ITEM 3. QUANTITATIVE AND QUALITATIVE DISCLOSURES ABOUT MARKET RISK

We are exposed to market risks in the ordinary course of our business. These risks primarily relate to interest rates. We had cash and cash equivalents of $36.9 million at June 30, 2015, which consist of bank deposits and money market funds. Such interest-bearing instruments carry a degree of risk; however, we have not been exposed to, nor do we anticipate being exposed to, material risks due to changes in interest rates. A hypothetical 10% change in interest rates during any of the periods presented would not have had a material impact on our unaudited condensed financial statements.

All of our revenues are recognized in U.S. dollars. Upfront payments received from the collaboration agreement in the European Union (see Note 8 to our unaudited condensed financial statements included in this Quarterly Report) were paid in foreign currency and converted to U.S. dollars. As a result, factors such as changes in foreign currency exchange rates or weak economic conditions in foreign markets will affect our financial results. Although the impact of currency fluctuations on our financial results has been immaterial to date, there can be no guarantee the impact of currency fluctuations related to our international activities will not be material in the future.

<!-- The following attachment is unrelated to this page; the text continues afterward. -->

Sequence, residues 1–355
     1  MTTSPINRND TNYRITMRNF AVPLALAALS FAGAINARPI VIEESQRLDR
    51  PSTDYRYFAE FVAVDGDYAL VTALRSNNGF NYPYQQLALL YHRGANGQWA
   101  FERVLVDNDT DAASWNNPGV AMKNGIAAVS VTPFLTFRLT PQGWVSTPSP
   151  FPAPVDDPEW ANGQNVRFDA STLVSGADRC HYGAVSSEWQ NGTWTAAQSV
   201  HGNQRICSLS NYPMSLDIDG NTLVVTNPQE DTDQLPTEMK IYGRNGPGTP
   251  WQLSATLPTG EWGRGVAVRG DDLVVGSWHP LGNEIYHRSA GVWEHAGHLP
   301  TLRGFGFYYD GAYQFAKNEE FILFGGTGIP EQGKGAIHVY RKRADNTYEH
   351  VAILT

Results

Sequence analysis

ITEM 4. CONTROLS AND PROCEDURES

Evaluation of Disclosure Controls and Procedures